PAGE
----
The firmware is embedded in the closed source drivers, it's not available separately. It's uncertain how far back Broadcom will update their driver packages.
On Linux if you want to use the open source driver, either the distro or user must extract the firmware from the closed source driver using b43-fwcutter. I don't know what the license restrictions are that apply to distros that appear to include it in the base installs, and therefore probably get updated. But distros like Fedora don't include it due to license restrictions. Therefore it won't get updated automatically.
I think the kernel driver should warn, if not refuse to use without a force option, on firmware versions below a certain value.
I think this has pushed me over the edge.
Broadcom's Wi-Fi chip solution has now been the focus of many man-months of security analysis, but I'm not aware of any other vendor that has seen the same thorough analysis, or?
Is any Wi-Fi chip vendor actively marketing themselves as security oriented and has anything to show to back that up?
The issue likely exists in a limited number of chips, possibly only FullMAC ones, like similar bug found earlier by Google:
Actually NIST lists the vulnerable NICs: BCM4354, BCM4358, BCM4359.
 I'm part of a team that develops a product with this chip, and I've used the hostapd configuration I linked elsewhere in this topic to show it is vulnerable.
It may be that the bug is easily defendable against at the OS level if one knows that it could be present.
Edit: Somebody else posted the previous discussion, so I think it's the bug I'm thinking of.
$ lspci | grep -i BCM43
The b43 devs would be the ones to add new firmware. I don't see any activity around this CVE there, however.
Probably the right place to ask though.
Can anyone see a reason this wouldn't work?
Apple controls the iPhone soup to nuts and can update them as they see fit. They are the OEM and they do not allow Carriers to modify their devices.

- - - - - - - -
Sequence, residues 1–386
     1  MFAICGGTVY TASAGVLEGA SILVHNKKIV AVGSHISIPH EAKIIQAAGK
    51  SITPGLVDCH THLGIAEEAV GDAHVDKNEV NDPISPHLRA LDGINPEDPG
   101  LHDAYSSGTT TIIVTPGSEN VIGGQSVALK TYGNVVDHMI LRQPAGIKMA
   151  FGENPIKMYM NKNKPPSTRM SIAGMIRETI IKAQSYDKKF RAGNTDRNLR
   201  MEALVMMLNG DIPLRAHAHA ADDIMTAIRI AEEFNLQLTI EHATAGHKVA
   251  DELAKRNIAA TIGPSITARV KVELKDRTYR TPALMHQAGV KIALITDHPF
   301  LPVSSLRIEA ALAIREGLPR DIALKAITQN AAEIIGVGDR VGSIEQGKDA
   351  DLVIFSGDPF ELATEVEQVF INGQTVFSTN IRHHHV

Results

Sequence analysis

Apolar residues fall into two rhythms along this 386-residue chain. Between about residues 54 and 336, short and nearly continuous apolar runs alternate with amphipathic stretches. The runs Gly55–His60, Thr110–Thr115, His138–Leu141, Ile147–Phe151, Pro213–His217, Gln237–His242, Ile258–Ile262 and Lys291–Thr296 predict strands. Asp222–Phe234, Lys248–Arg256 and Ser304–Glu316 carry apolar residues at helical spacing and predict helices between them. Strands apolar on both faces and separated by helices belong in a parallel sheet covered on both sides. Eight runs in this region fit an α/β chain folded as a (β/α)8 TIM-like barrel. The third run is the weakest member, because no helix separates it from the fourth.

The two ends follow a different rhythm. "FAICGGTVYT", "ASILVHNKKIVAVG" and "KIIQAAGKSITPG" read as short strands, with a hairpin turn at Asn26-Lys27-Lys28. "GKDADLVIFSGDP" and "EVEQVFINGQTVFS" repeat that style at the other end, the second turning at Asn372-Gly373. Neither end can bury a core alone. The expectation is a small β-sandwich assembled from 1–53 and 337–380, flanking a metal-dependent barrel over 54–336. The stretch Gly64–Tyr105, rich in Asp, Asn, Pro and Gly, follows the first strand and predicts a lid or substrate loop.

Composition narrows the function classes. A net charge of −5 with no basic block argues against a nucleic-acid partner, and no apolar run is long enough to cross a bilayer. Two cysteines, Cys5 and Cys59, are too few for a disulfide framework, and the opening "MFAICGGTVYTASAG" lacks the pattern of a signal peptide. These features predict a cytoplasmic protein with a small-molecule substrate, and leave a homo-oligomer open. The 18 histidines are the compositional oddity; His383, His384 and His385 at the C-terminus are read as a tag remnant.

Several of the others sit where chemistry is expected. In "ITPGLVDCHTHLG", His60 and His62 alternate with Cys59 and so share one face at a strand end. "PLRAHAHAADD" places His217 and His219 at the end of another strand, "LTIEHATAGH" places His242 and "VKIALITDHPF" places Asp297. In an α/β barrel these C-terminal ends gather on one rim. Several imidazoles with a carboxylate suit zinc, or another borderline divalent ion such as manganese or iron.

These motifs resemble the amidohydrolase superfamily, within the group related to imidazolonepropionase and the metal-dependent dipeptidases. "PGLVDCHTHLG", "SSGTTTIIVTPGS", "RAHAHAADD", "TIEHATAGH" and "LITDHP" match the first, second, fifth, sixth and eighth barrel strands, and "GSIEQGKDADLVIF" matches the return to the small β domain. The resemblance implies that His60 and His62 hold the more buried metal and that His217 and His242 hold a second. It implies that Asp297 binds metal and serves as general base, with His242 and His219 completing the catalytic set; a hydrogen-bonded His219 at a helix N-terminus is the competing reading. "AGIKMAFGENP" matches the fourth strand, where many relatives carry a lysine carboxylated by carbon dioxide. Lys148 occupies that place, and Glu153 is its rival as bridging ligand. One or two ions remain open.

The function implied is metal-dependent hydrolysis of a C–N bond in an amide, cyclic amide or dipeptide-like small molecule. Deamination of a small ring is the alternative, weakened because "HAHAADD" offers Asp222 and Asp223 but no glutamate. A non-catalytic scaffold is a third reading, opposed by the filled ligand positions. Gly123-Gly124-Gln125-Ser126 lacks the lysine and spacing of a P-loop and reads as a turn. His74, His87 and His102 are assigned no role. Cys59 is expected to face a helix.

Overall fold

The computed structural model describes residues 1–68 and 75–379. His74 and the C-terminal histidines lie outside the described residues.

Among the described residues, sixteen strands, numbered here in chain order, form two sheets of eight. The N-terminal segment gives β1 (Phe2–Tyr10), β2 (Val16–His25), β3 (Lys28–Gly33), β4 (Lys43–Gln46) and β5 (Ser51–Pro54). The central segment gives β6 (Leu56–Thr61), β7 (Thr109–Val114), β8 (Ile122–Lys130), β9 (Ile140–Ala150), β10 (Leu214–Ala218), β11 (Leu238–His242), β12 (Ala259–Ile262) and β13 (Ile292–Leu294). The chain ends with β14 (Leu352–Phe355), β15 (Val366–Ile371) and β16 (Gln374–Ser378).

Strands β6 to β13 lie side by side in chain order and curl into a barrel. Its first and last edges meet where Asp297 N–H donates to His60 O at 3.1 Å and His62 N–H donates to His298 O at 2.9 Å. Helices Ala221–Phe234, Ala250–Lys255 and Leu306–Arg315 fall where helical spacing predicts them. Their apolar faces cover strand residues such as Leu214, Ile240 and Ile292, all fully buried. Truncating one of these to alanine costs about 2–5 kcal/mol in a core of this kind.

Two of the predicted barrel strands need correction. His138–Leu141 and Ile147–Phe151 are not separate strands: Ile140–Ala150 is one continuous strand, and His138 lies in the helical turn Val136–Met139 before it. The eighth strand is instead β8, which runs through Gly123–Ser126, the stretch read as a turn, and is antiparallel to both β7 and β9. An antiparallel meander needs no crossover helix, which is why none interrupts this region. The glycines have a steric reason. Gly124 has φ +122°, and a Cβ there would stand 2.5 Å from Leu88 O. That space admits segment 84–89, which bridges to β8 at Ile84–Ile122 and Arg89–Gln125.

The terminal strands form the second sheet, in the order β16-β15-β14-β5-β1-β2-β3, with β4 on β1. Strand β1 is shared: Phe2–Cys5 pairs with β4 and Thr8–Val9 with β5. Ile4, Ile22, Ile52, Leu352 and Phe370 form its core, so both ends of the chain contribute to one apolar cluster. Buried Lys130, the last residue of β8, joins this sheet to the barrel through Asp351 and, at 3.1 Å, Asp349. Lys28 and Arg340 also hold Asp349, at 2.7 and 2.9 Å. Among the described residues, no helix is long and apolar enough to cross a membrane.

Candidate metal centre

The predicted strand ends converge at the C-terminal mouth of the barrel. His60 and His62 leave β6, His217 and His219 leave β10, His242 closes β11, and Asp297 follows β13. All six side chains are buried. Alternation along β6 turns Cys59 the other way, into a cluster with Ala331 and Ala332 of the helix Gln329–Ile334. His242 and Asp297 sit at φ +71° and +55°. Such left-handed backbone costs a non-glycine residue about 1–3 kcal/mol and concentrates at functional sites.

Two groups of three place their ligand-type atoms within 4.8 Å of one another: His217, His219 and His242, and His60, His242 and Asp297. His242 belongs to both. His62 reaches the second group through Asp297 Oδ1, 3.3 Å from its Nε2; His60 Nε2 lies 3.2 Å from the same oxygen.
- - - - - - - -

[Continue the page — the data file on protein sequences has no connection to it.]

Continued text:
Google provides an OS for free and stipulates that OEMs must make some concessions to get the GAPPs everyone wants for that OS. It has no where near the control over handsets or the ability to update them without cooperation from OEMs and Carriers who contracted with those OEMs.
With each new version of Android, Google is asking for more and more control over the system however they'll never own the devices or be able to exert their will the way Apple can.
Attacking field devices won't spur Google to ship magic updates to everyone's unsupported handsets because they couldn't even if they wanted to. It might spur them to make additional changes in future OS versions but the vast majority of handsets in the field would never receive those updates.
1. Windows runs on many many PCs and it is trivial to keep updated, so it is possible without OEM cooperation.
2. Google actually have finally started this work, which proves that they can solve, or at least improve the situation. But the fact that they didn't start working on it until now shows how low a priority it is for them. That is what needs to change, and I would hope an automatic Wi-Fi worm would do it.
Finding an exploit is one thing, making it work and bypassing all of the OS mitigations, on a platform that essentially has OEM's build their own OS, is an entirely different matter. It's why Stagefright never got anywhere and it's also why this will go the same way Stagefright did.
The Broadpwn discoveries were informed by the techniques used by PZ to discover the original exploit.
If you are the adventurous type, this comment has links to the blog post which has a PoC.